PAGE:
PIP Phelps' model of the research process with technical progress endogenous, which yields the conclusion that the rate of growth is faster and the consumption level is higher with a higher rate of growth of the labor force, is generalized and made more realistic by removing the restriction of homogeneity of degree one in the technical progress function and adding income and education as influences on technical progress. Even with the extensions, the results retain the simplicity of Phelps' results, and reinforce the conclusion that higher population growth implies a faster equilibrium rate of growth of the standard of living, exactly the opposite of conventional growth theory with technical progress exogenous. The more general function can be embedded in growth-theoretic models without upsetting the basic structure of their theory.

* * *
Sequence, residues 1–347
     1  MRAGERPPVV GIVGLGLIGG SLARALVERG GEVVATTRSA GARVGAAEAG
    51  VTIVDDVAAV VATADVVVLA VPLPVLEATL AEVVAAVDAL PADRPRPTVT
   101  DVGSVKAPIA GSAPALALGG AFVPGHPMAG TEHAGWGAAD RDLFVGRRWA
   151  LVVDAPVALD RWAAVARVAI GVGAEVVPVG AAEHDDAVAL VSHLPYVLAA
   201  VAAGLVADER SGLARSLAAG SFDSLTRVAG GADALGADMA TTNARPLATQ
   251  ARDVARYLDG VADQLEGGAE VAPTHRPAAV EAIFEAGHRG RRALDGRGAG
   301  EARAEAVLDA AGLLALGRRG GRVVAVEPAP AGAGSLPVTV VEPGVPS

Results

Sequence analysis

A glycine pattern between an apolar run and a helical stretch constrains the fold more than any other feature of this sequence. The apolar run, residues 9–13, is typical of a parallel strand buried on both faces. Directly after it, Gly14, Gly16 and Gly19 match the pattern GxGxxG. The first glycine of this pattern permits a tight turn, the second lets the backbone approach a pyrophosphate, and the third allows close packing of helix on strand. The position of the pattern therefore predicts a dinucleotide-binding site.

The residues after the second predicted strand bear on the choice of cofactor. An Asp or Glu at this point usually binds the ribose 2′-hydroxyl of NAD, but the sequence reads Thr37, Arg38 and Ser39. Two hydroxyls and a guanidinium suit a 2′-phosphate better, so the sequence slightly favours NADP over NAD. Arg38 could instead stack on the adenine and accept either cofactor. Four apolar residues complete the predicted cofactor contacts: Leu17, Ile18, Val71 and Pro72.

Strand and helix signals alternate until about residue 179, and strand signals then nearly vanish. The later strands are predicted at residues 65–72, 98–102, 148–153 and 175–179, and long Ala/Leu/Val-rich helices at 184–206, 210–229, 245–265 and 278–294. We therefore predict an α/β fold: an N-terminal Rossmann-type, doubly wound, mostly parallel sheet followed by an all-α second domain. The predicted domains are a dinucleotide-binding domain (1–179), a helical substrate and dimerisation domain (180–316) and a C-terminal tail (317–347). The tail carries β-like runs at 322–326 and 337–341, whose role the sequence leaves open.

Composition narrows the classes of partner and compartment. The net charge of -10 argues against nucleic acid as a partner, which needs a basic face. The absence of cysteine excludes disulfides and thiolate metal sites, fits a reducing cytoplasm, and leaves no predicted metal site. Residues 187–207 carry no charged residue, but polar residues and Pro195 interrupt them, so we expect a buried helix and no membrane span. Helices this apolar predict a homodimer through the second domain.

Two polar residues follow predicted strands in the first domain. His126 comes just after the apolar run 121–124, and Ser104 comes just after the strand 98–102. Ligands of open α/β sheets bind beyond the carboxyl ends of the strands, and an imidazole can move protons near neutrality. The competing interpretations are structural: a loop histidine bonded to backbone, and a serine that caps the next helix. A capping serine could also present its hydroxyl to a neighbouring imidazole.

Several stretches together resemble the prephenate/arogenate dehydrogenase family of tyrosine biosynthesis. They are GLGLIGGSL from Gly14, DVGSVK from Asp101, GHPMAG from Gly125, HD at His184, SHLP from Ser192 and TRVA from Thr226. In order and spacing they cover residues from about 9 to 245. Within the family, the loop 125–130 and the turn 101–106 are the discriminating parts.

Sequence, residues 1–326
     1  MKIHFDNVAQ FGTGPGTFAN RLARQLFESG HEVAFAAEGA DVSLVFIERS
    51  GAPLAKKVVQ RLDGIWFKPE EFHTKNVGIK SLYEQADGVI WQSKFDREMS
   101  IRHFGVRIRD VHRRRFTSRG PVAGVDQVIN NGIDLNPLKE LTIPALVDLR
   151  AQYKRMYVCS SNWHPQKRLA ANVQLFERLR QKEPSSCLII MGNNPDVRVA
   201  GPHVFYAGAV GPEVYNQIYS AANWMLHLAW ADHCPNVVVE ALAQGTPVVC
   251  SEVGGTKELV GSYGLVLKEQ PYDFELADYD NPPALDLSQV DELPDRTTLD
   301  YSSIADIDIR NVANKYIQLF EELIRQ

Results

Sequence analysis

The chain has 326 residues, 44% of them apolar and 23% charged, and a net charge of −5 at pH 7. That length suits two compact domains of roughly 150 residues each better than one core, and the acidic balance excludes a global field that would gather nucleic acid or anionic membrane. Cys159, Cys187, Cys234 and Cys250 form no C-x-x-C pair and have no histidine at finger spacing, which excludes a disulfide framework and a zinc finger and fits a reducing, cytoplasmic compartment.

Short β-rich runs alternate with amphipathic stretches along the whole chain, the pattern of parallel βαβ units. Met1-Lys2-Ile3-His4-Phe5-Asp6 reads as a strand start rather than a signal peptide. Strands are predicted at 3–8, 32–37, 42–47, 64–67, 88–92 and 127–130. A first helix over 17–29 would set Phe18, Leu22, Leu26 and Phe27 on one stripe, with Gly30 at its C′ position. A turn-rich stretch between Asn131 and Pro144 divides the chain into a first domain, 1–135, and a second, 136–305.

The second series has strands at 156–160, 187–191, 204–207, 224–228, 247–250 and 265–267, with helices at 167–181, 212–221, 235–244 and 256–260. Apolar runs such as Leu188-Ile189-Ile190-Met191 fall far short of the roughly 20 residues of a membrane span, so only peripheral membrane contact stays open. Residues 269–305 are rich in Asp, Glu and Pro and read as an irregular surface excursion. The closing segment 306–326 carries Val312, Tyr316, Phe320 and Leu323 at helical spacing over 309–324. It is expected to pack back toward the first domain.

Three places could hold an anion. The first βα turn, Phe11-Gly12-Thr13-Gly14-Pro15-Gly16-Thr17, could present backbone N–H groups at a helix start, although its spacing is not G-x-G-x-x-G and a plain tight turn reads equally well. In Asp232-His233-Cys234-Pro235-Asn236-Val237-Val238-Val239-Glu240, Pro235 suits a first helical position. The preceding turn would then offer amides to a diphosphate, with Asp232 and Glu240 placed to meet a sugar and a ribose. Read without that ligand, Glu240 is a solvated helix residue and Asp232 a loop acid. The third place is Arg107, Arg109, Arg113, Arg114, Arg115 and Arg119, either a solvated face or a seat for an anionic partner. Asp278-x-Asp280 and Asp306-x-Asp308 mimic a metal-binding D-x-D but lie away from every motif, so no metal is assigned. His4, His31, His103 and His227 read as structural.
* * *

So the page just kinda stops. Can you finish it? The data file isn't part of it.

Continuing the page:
"A time-minimizing problem of attaining a full employment state is solved in a dual-economy model with [the] Harris-Todaro migration mechanism and with a positive level of urban unemployment in the starting period. It appears that the optimum solution lies in the specialization of investment in the urban sector at least in the initial stage of development if the per-capita stock in the urban sector is very small in the starting period."